My first thought is that we need to expand our definition of “parent involvement”. There may have been a time when that meant volunteering in the classroom. That may still work in some schools, but I’d like to think about “involvement” in three different ways: homework, parent education, and volunteering.
HomeworkAs a parent of upcoming third and fifth graders, I can tell you that I have a whole new perspective about homework. As an educator, I was shocked in May when I was more excited about the end of the homework routine than my girls were. It makes me think about parents who don’t have experience with certain math or reading strategies and it’s no wonder the homework isn’t getting done. Sometimes the homework is so difficult for parents to understand that they cannot help their students get it done. Here are a couple thoughts to ponder:
- Think about your community and choose your battles carefully. If you teach in a community where homework is not traditionally done, consider assigning a minimal amount of homework and make it something easy to accomplish. This might be two or three simple math problems or studying a couple spelling words a night. These tasks are easy for parents to understand and can be done in a very short period of time.
- Make sure the homework truly is practice work. Consider doing the first few problems or activities together in class in the hope that students will be able to do it independently at home. We need to make sure that students understand the homework well enough to do it without parent support.
Family ActivitiesHere are a couple thoughts about activities that you might host for your families:
- One of my favorite activities to do with parents was Family Math Night. Once a month (scheduled at the beginning of the year) I held Family Math Night in my classroom. This event was for my students and their parents and was really a lot of fun for all of us. I used the book shown here which made it really simple. I didn’t have to do a lot of searching for activities. All of the activities in this book are high-interest, fun games for parents and students to do together. While we were having fun playing games, we were also doing some parent education because I could model different questions and strategies that parents might use with their students at home. In the section on volunteering, I’ve suggested a way for you to have these games made for you.
- If math is not your favorite subject, consider hosting a Family Reading Night each month. You might begin the evening with a read-aloud so you can model this for parents. After that, you might let students and parents read together. I think about the families who don’t have books at home and know that this would be at least one opportunity for families to enjoy this activity together.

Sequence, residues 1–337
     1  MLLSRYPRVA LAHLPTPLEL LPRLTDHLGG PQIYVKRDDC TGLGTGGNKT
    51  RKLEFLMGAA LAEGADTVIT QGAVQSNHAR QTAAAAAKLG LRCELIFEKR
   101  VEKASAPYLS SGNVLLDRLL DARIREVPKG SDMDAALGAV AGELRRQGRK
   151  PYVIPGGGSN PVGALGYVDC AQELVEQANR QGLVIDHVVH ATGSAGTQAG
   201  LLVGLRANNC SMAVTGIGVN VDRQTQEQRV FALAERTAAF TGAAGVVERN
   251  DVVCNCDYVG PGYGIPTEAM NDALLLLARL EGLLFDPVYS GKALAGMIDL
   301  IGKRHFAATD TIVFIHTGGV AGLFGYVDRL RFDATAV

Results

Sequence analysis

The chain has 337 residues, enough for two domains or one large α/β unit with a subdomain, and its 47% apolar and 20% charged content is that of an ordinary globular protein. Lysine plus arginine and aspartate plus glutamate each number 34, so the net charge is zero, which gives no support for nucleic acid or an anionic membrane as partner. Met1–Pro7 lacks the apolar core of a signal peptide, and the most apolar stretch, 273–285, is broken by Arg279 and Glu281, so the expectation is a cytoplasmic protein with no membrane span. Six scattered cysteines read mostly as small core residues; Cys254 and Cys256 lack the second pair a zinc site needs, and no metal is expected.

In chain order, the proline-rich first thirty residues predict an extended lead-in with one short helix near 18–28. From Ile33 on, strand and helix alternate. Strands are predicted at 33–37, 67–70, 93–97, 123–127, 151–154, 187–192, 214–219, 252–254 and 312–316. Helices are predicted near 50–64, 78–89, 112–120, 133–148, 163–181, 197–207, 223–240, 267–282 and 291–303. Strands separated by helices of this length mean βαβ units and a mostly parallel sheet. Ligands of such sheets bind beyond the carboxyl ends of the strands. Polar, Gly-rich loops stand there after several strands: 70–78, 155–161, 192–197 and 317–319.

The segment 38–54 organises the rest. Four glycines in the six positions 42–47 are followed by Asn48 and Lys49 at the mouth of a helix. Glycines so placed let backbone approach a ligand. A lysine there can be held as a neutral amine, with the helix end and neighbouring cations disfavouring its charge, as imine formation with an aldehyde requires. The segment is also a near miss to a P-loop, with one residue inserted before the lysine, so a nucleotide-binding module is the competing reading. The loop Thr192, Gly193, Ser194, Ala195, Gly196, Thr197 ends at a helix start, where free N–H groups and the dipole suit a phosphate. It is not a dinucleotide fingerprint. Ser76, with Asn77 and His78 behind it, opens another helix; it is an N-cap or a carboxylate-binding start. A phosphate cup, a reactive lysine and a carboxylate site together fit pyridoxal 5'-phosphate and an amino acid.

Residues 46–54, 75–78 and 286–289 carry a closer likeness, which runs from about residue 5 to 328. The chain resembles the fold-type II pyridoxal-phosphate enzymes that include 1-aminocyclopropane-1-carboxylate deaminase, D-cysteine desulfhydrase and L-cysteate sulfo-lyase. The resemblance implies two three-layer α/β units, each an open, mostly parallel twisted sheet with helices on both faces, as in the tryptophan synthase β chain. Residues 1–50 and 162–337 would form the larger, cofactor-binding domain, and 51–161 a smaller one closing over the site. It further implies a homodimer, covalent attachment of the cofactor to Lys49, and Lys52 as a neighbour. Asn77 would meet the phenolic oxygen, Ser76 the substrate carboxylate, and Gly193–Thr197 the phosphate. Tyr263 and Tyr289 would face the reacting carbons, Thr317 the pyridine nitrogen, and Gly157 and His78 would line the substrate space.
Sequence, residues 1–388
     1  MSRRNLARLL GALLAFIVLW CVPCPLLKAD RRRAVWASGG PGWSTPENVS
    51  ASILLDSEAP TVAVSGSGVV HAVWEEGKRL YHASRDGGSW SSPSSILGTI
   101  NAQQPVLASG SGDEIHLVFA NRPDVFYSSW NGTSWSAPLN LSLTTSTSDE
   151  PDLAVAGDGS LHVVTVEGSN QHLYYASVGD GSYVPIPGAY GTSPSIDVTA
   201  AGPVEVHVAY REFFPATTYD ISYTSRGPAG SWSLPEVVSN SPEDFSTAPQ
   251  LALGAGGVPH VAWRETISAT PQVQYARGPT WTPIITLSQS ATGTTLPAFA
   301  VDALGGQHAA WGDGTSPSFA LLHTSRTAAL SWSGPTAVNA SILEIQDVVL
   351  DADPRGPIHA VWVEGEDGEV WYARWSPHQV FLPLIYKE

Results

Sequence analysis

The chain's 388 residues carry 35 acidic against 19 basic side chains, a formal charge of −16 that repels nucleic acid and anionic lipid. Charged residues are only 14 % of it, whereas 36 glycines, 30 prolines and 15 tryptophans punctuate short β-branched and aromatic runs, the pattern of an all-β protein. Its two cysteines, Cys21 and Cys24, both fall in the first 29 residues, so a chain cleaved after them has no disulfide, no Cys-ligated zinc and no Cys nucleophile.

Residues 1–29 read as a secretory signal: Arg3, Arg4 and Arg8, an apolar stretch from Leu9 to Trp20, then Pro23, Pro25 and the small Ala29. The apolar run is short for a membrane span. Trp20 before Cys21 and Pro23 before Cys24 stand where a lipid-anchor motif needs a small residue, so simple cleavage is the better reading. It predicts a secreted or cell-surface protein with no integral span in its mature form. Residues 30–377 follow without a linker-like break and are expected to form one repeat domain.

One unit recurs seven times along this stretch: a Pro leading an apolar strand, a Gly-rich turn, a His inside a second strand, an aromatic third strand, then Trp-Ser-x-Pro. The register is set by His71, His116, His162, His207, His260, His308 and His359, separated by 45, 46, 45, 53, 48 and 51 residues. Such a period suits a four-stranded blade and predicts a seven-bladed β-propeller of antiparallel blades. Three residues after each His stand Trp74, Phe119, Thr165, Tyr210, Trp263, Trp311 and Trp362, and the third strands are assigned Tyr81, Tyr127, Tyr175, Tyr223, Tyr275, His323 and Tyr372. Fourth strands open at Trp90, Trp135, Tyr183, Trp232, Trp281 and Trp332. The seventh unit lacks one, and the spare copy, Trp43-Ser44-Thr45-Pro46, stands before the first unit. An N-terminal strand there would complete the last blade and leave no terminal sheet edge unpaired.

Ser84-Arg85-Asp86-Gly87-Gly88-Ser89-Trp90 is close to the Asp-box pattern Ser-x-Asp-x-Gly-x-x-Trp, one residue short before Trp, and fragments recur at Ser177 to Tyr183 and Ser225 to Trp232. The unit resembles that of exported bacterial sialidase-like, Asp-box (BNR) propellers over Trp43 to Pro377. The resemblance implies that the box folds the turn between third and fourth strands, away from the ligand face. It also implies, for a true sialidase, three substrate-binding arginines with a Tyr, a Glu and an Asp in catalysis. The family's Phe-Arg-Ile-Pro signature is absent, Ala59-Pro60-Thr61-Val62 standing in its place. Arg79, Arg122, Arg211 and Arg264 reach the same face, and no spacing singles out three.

- As we all know, food makes everything better. Consider providing a few snacks to help warm the environment.
- One other fun element is to give away door prizes at these events. The prizes could be as simple as one of the games you’ve had made for Family Math Night or books that you purchase with your book club points. You might also ask your PTA and/or local businesses to donate door prizes.
- Practicing Math Facts – one teacher I know asks for volunteers each day during math to help students practice math facts. She sets it up at the beginning of the year, trains parents the first time they come in, and then it flows very smoothly for the rest of the year. Basically, parents go in , get the Volunteer Basket (with class list, timer, pencil, and flash cards), and then they call each student out for one minute to see how many facts they can get done. She gives math facts quizzes each week so, once the students pass the addition quiz, she makes note on the recording sheet so the parent volunteer will help that student with subtraction. Students love it and parents truly feel like it’s a good use of their time. There is no language barrier with math facts.
- Preparing Materials – teachers need many materials and games prepared and we don’t need to spend our time doing it. Whether parents come in or can make materials at home, regardless of their native language, we can have them make games for us. I can make one example of the game, gather the materials, and the parent can copy what has been done. Parents love to help prepare tools for the classroom.
- Are you still searching for a great way to schedule parent volunteers? One teacher I knew did her scheduling by having you sign up on the calendar outside of her room. This wasn’t very convenient, especially if a parent had a last minute opening and could drop in to volunteer. Instead, consider using an online tool like www.signupgenius.com. This fabulous, free tool is easy to use, allows parents to check the volunteer schedule any time, and even sends them a reminder. Making it easy to sign up and sending a reminder will increase the number of volunteers you have in your classroom.
Wouldn’t it be great if you could get each one of your classroom parents involved in one way or another? I challenge you to set this as a goal for yourself for the upcoming school year. Your students will certainly reap the benefits!
Kelly Bergman is a master of classroom management. In her 22 years as an educator, she has become known as a person who can help educators simplify the teaching process in order to meet high accountability standards and still enjoy this incredible profession. Kelly is also the author of professional resources for educators including Quick Tips: Making the First Six Weeks a Success and a video and guide on 4 Keys to Successful Classroom Management. She will be presenting the keynote address entitled “Joyful Teaching Through Changes and Challenges” at this year's annual NCAEE conference in October. Kelly is being sponsored by Scholastic.